Milk from Little Rock and drinking water from Philadelphia contained the highest levels of Iodine-131 from Japan yet detected by the Environmental Protection Agency, according to data released by EPA Saturday.
The Philadelphia sample is below the EPA’s maximum contaminant level (MCL) for iodine-131, but the Little Rock sample is almost three times higher.
Nonetheless, the EPA does not consider the milk dangerous because the MCL is set for long-term exposure, and the iodine-131 from Japan’s Fukushima-Daichi nuclear accident is expected to be temporary and deteriorate rapidly.
The EPA’s MCL for iodine-131 is 3 picoCuries per liter.
The Little Rock milk sample contained 8.9 picoCuries per liter. It was collected on March 30.
Three drinking water samples collected in Philadelphia on April 4 contained Iodine-131, according to Saturday’s data release:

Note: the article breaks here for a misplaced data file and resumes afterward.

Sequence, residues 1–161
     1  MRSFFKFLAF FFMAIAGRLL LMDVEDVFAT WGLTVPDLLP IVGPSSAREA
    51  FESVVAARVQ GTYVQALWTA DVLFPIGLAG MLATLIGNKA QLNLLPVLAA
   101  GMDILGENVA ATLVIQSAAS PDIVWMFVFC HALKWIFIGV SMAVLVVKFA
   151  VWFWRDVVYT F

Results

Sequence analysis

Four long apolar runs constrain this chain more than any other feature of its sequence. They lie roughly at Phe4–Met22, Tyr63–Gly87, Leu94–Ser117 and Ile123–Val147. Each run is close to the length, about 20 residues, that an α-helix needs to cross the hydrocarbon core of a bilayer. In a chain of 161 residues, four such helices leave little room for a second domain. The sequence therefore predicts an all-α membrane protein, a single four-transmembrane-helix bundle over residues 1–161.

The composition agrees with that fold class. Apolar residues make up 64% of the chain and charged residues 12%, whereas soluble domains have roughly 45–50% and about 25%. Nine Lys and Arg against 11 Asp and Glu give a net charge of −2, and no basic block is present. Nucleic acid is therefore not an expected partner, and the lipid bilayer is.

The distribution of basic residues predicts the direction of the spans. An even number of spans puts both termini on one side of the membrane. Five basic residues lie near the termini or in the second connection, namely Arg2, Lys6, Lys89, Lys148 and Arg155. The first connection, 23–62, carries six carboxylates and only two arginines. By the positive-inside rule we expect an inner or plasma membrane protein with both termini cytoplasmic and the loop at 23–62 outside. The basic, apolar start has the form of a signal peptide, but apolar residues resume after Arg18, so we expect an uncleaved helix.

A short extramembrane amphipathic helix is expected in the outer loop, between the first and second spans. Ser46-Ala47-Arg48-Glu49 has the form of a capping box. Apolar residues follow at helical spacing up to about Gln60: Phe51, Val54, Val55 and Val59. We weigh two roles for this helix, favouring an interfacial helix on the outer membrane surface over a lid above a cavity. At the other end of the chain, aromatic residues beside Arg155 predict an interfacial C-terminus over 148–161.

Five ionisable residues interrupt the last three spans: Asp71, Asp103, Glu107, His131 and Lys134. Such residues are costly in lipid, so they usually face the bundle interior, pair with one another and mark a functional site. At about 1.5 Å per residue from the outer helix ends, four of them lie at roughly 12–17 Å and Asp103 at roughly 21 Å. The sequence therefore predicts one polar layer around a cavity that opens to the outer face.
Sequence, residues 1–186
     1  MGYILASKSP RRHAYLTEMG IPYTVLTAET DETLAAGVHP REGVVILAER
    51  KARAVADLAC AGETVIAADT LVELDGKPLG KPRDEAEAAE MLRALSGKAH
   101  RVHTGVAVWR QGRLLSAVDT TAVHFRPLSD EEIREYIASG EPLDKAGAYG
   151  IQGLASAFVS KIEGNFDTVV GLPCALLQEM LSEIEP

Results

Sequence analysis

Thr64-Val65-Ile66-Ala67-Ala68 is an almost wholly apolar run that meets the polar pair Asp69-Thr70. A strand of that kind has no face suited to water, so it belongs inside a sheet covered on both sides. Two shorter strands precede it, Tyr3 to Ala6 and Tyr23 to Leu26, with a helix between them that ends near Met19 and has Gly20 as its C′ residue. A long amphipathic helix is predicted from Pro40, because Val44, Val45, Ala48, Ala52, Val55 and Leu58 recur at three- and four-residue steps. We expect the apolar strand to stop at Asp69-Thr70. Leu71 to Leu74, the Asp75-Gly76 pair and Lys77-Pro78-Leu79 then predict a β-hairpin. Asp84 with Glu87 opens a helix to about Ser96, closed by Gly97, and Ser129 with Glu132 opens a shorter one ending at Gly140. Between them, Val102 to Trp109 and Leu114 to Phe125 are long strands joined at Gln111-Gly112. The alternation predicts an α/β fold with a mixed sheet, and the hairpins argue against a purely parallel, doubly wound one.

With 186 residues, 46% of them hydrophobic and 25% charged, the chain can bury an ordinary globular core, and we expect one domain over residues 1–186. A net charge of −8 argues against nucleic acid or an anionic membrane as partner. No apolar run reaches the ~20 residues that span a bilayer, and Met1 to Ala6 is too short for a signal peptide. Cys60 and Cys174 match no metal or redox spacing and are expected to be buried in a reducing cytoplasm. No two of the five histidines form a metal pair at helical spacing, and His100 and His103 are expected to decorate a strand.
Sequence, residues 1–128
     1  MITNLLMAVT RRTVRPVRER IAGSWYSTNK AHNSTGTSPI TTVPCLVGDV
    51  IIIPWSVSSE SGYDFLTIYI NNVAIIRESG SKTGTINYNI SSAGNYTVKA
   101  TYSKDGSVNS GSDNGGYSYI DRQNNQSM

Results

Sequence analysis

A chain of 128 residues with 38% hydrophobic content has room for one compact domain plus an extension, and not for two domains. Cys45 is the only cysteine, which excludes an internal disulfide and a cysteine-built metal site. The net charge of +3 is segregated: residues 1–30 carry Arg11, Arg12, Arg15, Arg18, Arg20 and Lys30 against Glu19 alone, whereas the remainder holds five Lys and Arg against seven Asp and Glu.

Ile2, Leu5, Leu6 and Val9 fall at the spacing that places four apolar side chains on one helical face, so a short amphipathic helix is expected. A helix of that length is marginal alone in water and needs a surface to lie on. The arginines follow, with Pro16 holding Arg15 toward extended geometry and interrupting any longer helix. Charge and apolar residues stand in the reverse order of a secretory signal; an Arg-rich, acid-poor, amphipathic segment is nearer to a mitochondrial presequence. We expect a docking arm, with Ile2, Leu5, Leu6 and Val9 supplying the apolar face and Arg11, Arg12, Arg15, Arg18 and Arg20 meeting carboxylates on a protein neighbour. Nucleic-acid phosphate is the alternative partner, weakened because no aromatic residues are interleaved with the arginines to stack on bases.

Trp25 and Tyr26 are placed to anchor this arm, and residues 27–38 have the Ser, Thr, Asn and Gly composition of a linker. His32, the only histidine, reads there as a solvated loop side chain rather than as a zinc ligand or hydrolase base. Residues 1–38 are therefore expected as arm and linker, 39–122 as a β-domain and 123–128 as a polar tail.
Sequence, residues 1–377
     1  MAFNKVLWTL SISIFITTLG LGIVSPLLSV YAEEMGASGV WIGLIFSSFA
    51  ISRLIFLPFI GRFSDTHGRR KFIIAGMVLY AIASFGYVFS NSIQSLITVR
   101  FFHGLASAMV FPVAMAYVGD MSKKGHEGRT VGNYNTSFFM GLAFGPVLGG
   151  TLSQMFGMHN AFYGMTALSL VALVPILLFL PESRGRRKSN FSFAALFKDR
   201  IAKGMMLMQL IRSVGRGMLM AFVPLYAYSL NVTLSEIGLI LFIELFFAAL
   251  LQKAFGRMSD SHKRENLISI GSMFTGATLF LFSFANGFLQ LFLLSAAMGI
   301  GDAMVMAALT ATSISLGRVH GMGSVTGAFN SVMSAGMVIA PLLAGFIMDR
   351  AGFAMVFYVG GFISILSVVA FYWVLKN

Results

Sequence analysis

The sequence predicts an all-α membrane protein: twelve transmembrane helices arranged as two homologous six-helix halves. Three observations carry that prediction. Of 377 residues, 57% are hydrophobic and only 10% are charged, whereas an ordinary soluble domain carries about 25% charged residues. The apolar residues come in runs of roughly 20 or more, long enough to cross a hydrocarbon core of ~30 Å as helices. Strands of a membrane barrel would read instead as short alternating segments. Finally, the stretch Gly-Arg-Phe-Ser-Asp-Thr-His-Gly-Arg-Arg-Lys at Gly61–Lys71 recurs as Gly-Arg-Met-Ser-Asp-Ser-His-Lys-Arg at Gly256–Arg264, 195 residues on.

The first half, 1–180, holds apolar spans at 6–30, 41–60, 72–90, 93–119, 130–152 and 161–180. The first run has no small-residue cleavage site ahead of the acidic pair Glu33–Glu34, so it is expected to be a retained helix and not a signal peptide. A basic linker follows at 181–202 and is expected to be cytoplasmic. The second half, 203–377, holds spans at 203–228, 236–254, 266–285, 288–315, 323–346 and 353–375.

- A sample from the city’s Queen Lane Treatment Plant showed 2.2 picoCuries per liter—the highest concentration in EPA’s drinking water data so far.
- Water collected at the Belmont Treatment Plant contained 1.3 picocuries, and
- Water collected at the Baxter Treatment Plant contained 0.46 picocuries.
Philaphelphia becomes the 14th US city with radioactive fallout detected in its drinking water.
Iodine-131 has a half life of eight days: every eight days, half of its mass decays into a non-radioactive isotope of xenon.
There is much more detailed information about this weekend’s data releases from EPA in the previous post: “Radiation Detected In Drinking Water In 13 More US Cities.”
Apr. 10 2011 – 6:48 am